... Each component of Virchow's triad was modelled by finite-element simulations in CHeart [4]. LA models were generated from temporally varying Cine MRI data from two patients [5]. ...

Atrial fibrillation (AF) is associated with a significantly increased risk of stroke due to the presence of three pro-thrombotic mechanisms known as Virchow’s triad – blood stasis, endothelial damage and hypercoagulability – which primarily occur in the left atrial appendage (LAA). In-silico evaluation of each factor can improve upon the current empirical stroke risk stratification for AF patients.
Computational fluid dynamics simulations were performed on two patient-specific models of the left atrium, one in sinus rhythm (SR) and one in AF to quantify blood stasis and metrics of endothelial damage. Hypercoagulability was assessed by solving reaction- diffusion-convection equations for thrombin, fibrinogen and fibrin – three key clotting proteins, and varying initial concentrations of fibrinogen in accordance with clinical literature. An original grading system is proposed (A = low, B = moderate, C = high risk) for each component of the triad to form a patient-specific risk profile.
The SR patient had a risk profile of [A, B, A] showing a low-moderate risk of thrombus formation, while the AF patient had [C, B, C], indicating a very high risk of thrombus formation and increased potential for stroke.
This novel modelling approach encapsulates all fundamental mechanisms of thrombus formation and may be used to improve stroke risk assessment for AF patients.

... Each component of Virchow's triad was modelled by finite-element simulations in CHeart [4]. LA models were generated from temporally varying Cine MRI data from two patients [5]. ...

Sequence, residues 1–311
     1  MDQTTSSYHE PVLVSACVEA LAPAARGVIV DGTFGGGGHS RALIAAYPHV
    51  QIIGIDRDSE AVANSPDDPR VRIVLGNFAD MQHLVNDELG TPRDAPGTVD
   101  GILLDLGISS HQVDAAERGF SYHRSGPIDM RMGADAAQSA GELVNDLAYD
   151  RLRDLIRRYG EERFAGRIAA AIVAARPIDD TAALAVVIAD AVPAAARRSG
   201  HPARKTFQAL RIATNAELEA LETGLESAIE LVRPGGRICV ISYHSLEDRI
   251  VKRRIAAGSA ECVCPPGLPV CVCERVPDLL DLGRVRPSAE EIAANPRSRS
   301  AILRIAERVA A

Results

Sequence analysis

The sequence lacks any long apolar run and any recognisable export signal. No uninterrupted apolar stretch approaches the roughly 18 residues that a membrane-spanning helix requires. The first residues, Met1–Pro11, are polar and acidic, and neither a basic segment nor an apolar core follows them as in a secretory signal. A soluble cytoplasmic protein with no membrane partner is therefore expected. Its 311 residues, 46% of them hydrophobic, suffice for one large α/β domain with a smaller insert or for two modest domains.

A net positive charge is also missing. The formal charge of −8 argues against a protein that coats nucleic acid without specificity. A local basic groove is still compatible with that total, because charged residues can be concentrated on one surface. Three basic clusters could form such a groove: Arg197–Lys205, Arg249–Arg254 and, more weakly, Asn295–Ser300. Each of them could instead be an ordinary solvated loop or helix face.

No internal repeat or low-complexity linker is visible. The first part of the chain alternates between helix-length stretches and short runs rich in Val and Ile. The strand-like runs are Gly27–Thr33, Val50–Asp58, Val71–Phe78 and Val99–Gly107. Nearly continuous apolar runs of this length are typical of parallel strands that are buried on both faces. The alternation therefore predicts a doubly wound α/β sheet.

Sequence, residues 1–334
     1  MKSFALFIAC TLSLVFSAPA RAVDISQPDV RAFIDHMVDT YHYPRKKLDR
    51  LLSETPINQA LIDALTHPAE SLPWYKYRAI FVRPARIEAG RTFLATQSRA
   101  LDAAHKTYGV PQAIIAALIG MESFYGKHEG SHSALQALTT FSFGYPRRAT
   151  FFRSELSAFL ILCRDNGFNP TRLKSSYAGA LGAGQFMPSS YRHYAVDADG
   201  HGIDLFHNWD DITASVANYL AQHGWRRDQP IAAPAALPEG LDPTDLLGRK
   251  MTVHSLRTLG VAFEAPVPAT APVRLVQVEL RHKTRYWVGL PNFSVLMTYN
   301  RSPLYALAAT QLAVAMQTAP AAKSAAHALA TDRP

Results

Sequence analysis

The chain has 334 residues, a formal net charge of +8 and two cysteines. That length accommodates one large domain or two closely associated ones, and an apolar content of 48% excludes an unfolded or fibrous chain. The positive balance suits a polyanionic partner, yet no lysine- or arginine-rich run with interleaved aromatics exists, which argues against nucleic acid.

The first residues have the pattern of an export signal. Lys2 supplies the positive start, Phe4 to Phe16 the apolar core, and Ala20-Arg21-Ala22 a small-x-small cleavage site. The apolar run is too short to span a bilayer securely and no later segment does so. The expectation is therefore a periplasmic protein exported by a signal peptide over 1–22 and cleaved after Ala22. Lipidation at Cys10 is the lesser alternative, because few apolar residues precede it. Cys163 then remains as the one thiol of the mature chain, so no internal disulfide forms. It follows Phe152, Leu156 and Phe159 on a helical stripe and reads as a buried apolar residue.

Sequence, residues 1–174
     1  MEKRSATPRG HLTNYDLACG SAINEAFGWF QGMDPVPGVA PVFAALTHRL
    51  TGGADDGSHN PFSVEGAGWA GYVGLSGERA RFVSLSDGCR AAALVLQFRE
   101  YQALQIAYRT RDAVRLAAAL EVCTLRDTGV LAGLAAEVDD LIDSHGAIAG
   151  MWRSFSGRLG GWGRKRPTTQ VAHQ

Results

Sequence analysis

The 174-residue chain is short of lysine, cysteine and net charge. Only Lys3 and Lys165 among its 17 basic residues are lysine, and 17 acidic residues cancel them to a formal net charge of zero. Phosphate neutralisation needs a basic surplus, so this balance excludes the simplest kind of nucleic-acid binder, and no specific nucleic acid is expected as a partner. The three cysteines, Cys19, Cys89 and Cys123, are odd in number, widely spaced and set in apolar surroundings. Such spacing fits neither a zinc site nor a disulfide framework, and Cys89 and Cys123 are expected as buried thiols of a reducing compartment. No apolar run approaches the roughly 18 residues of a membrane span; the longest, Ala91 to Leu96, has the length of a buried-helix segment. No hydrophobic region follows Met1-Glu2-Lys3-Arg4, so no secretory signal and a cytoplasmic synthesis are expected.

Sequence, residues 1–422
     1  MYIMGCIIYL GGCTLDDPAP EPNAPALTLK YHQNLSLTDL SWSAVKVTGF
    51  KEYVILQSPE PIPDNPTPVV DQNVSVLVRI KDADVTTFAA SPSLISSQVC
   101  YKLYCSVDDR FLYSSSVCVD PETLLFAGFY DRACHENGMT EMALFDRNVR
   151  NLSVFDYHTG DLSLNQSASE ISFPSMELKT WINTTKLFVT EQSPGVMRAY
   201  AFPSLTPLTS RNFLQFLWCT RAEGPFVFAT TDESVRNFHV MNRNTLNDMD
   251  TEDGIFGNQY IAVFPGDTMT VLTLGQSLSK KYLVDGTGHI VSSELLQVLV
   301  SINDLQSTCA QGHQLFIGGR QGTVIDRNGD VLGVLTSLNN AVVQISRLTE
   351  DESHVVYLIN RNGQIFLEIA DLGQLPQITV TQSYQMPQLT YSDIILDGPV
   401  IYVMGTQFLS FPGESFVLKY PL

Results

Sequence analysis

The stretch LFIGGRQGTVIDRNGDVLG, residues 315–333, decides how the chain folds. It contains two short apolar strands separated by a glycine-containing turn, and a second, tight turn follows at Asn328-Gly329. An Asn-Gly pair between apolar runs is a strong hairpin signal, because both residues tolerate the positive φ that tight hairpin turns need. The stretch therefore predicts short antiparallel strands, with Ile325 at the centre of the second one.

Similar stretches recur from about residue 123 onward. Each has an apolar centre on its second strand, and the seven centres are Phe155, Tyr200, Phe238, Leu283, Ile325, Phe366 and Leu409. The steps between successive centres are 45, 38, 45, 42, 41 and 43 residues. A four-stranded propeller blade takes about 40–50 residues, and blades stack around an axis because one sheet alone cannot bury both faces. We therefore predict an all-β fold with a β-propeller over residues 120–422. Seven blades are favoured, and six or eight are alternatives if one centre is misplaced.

Atrial fibrillation (AF) is associated with a significantly increased risk of stroke due to the presence of three pro-thrombotic mechanisms known as Virchow's triad-blood stasis, endothelial damage and hypercoagulability-which primarily occur in the left atrial appendage (LAA). In-silico evaluation of each factor can improve upon the current empirical stroke risk stratification for AF patients. Computational fluid dynamics simulations were performed on two patient-specific models of the left atrium, one in sinus rhythm (SR) and one in AF to quantify blood stasis and metrics of endothelial damage. Hypercoagulability was assessed by solving reaction-diffusion-convection equations for thrombin, fibrinogen and fibrin-three key clotting proteins, and varying initial concentrations of fibrinogen in accordance with clinical literature. An original grading system is proposed (A = low, B = moderate, C = high risk) for each component of the triad to form a patient-specific risk profile. The SR patient had a risk profile of [A, B, A] showing a low-moderate risk of thrombus formation, while the AF patient had [C, C, C], indicating a very high risk of thrombus formation and increased potential for stroke. This novel modelling approach encapsulates all fundamental mechanisms of thrombus formation and may be used to improve stroke risk assessment for AF patients.